COVID Update: Quercus By Phone

Like almost all North American schools (and many around the world), we’ve had to switch the way we teach and learn due to the Covid-19 pandemic. That means significant increases in the use of technology, and in demand for support around those technologies. In a series of posts, we will be sharing some visualizations of those changes.

For today’s end-of-week “data challenge” we give you two graphs of Quercus “usage” since the covid-changes to teaching.

In graph one, we see the percentage of users who have accessed Quercus with their mobile devices (primarily phones, but not laptops). Almost 80% of those users accessed Quercus from an iPhone. The rest from Samsungs, Pixels, Huaweis, etc.

In the second graph, we show the percentage of actual sessions (actual connections to Quercus). Again, iPhones were used for the majority of the time, but the ratio is not the same – only about 60% of sessions were from iPhones.

Quercus By Phone

Why would there be this delta?

I sat and pondered this question with my colleague Bryan Ekeh, our data support analyst, and we had some possible explanations.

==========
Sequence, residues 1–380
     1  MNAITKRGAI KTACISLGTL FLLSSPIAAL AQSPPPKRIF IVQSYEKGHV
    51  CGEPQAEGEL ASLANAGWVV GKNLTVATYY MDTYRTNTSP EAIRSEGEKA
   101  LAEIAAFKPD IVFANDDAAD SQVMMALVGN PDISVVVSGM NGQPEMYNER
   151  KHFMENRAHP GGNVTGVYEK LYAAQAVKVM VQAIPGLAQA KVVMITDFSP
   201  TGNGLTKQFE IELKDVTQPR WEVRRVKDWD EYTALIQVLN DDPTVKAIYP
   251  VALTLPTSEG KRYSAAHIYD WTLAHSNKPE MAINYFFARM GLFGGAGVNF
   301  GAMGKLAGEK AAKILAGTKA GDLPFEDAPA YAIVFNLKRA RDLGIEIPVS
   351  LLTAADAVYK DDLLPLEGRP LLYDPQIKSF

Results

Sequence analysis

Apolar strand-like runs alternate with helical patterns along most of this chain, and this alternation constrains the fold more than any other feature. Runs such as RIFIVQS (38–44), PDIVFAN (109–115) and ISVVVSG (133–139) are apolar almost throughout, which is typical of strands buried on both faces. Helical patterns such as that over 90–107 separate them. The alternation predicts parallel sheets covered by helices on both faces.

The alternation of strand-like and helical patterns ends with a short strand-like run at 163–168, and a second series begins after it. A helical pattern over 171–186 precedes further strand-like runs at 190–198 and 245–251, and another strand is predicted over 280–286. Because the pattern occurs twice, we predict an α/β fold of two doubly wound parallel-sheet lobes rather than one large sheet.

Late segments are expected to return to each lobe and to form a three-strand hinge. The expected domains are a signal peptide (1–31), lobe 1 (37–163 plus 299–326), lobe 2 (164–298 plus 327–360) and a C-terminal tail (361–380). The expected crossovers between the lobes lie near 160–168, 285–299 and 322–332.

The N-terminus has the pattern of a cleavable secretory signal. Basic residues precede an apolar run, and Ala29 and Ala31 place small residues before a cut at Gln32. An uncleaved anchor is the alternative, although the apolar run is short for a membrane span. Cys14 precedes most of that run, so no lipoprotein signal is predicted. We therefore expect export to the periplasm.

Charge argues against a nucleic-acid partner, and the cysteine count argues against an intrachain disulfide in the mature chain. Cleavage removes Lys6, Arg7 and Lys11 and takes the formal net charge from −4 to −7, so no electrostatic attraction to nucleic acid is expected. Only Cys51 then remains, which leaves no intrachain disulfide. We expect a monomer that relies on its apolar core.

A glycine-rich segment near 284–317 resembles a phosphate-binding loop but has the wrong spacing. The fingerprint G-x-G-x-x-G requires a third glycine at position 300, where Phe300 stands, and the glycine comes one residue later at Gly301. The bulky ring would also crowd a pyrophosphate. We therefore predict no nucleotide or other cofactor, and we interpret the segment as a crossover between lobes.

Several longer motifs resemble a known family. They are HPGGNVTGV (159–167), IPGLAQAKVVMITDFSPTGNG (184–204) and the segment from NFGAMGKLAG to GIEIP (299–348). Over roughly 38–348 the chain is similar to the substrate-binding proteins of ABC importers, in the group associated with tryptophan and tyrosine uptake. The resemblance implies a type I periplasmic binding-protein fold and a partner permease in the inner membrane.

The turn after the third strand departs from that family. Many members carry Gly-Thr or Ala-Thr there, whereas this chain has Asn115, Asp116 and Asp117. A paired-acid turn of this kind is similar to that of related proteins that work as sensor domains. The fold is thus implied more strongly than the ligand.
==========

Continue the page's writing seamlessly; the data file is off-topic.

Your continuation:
Said Bryan, “These observations may demonstrate various behaviours of students that are having to work remotely. Many of them may roll out of bed, check Quercus through their mobile phone’s web browser and continue a Quercus session on their laptop or desktops at home.”

My thought was that the delta in the data might mean that this behaviour is more prevalent for iPhone owners than non-iPhone owners. Does that mean that non-iPhone users are more likely to use their phones to more fully engage with Quercus than iPhone users? Is there something about the user interface of an iPhone that makes it less attractive to engage with Quercus than other types of phones?

Could the explanation be more about equity and access to resources? Are iPhone users more likely to have a phone and a another computer, and therefore, Bryan’s hypothesis holds – they do quick check-ins, but for serious work, they revert to the computer? And maybe those who have non-iPhones are also less likely to have a secondary computer (or at least a computer that is useful for doing Quercus-based work)?

All of these are just hypotheses. Now it’s your turn – what do you think accounts for the delta between the two graphs?

You can respond on Twitter here
Or on LinkedIn here
Or by email